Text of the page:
YOU SIT BACK AND OBSERVE the stars of a clear, dark night. The throb of music begins: drums, twangs and vocal of a Pink Floyd number. A red beam of light hits that sky, wiggles, expands to a shimmering beam, forms the pattern of a singing face. Behind it a mosaic of iridescent green winks in a changing geometry, a spider-web twisting to the beat.
Alan Jackson, founder (and licensed laserist) of the company, began building robots when he was a child. “In 1976,” he says, “I was getting interested in building computers. At the same time I saw a laser show and decided that was what I wanted to do.”
He has combined his talents into the design and construction of the units that form the basis of shows that have been presented throughout New England and as far away as Arizona and Oregon.
Partner Roger Savoy joined the company four years ago to put a background in marketing to work for it; he also assists in the construction and design of the programs.
“The principle of moving the lights around is similar to an Etch-a-Sketch,” he explains, demonstrating on that very item. “One knob controls horizontal movement, the other vertical.”
Jackson demonstrates further using a script he devised for the educational programs Raytel performs. “We're moving a dot of light from one point to another. When you do it several hundred times a second, you trick the eye into seeing a continuous line of light.”
The lights are used in combination with a selection of popular songs, illustrating the lyrics sometimes by visual interpretations of scenes or singing faces, sometimes by an abstract dance of colors.
Although the company began performing in planetariums, it has branched out to a number of other venues, including many corporate displays. Locally, Raytel provided the laser presence of Tinker Bell in a recent performance of “Peter Pan” at Proctor's Theatre; they also were called upon to provide laser lights for a fashion show held recently in Albany, creatively highlighting jewels and accessories.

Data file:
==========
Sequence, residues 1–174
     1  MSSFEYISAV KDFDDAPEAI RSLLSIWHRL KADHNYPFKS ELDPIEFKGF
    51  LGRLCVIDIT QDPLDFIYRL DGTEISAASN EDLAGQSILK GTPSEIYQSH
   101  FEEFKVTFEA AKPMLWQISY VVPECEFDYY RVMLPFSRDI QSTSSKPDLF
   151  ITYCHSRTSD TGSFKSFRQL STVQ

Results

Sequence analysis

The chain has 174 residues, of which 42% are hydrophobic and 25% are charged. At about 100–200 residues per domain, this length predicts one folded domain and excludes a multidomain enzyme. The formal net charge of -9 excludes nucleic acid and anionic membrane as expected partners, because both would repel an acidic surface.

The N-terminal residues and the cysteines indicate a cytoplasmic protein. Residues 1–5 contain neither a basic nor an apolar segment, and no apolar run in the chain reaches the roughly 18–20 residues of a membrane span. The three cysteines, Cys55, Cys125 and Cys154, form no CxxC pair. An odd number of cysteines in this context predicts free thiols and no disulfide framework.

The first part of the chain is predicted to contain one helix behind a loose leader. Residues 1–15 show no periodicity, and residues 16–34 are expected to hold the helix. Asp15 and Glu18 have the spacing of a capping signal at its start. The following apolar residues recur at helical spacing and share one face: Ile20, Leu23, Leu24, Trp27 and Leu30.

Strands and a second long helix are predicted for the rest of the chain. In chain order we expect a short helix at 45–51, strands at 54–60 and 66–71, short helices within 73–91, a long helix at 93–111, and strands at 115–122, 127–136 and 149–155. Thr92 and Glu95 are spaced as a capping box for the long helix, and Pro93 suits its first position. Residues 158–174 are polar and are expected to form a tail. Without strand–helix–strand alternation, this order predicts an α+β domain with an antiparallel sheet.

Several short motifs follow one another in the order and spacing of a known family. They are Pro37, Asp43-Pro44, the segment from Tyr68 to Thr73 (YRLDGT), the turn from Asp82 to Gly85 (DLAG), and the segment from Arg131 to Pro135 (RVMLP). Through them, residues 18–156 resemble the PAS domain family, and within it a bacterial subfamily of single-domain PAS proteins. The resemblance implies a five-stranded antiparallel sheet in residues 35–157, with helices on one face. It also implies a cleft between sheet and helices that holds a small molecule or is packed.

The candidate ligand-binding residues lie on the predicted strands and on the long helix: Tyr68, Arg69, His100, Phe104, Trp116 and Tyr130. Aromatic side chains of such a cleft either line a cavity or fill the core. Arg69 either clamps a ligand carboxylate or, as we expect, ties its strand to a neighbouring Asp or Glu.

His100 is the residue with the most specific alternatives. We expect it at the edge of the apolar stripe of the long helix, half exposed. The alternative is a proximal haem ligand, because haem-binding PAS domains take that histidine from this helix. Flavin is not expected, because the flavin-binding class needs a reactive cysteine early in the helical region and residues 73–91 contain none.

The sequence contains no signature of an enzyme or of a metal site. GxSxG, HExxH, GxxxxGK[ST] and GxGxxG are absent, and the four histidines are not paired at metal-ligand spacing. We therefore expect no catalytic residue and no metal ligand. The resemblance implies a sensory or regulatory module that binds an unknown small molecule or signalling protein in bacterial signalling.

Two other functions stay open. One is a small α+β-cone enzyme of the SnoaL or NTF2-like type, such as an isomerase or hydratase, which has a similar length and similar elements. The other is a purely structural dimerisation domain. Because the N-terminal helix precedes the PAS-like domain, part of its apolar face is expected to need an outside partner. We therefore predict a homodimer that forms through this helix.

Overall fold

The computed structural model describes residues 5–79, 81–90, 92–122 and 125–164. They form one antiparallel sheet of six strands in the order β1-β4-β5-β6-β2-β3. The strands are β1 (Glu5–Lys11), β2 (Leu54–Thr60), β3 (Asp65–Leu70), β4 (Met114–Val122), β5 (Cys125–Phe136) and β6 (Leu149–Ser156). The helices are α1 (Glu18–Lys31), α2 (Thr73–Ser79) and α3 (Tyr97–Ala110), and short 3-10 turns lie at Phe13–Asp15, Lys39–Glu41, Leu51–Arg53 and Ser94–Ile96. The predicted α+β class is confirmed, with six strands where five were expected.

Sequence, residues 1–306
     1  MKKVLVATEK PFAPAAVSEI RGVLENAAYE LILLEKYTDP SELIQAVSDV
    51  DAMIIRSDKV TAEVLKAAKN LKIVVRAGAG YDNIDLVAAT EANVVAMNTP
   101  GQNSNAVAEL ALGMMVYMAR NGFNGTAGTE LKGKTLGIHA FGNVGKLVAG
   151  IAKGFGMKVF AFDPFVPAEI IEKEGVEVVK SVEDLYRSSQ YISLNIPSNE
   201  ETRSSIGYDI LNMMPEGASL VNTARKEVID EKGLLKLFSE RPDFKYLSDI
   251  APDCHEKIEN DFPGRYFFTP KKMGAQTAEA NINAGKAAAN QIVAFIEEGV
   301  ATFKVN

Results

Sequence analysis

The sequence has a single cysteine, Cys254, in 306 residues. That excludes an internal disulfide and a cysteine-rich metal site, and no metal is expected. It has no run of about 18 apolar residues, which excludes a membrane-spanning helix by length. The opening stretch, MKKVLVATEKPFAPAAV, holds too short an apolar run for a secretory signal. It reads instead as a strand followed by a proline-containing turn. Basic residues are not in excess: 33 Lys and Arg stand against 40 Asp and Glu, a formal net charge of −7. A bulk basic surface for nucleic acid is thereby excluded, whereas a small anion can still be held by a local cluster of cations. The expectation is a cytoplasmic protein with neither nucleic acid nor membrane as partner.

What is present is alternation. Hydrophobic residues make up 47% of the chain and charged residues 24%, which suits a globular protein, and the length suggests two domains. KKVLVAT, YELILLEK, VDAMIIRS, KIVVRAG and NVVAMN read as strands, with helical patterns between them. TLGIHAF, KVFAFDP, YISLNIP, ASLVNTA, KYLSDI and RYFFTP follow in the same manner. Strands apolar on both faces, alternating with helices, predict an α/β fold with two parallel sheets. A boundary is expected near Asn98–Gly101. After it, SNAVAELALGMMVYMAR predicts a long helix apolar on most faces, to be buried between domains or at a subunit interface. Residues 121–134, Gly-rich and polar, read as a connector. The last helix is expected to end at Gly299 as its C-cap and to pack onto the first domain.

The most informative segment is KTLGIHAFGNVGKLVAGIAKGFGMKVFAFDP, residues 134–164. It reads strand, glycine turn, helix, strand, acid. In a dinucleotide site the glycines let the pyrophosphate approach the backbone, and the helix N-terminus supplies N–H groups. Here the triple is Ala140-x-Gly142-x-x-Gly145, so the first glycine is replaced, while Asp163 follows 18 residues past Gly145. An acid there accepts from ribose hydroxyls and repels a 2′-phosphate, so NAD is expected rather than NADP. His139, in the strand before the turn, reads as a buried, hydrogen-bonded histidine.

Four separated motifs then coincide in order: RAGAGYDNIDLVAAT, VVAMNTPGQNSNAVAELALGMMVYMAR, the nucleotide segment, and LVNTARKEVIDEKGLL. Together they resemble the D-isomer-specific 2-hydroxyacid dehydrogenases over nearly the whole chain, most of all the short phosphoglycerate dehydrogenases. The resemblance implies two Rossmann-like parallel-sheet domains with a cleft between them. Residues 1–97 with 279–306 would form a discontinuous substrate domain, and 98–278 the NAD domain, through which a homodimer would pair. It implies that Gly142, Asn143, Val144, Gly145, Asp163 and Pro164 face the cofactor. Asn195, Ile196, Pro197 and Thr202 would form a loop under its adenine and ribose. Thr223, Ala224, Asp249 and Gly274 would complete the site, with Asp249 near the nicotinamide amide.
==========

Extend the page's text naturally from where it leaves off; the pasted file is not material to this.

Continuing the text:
From its very modest start 11 years ago, Raytel has grown to an inventory of many thousands of dollars' worth of equipment, almost all of it built by Jackson and Savoy. “You just can't go out and buy a laser projector,” Savoy explains. “There just isn't this technology on the market. Anyway, the banks regard us as entertainers, so we'd be a very high risk for them.”
He counts 15 to 20 companies in the country engaged in a similar occupation, “although most branch out into other areas of entertainment as well,” he says.
Continuing Raytel's emphasis on the use of light will be exploration of three-dimensional representations, including the use of another recent science, holography.
“When this show in Schenectady ends,” says Jackson, “we're going to spend a month working on new graphics, using some new computer equipment. It's going to be very exciting – like nothing you've ever seen before.”
The Visual Music Festival also will be performed at 2:30, 3:30, 7:30 and 8:30 p.m. Saturday and at 2:30 and 3:30 p.m. Sunday; the schedule is repeated Nov. 20, 21 and 22.
– Schenectady Daily Gazette, 12 November 1987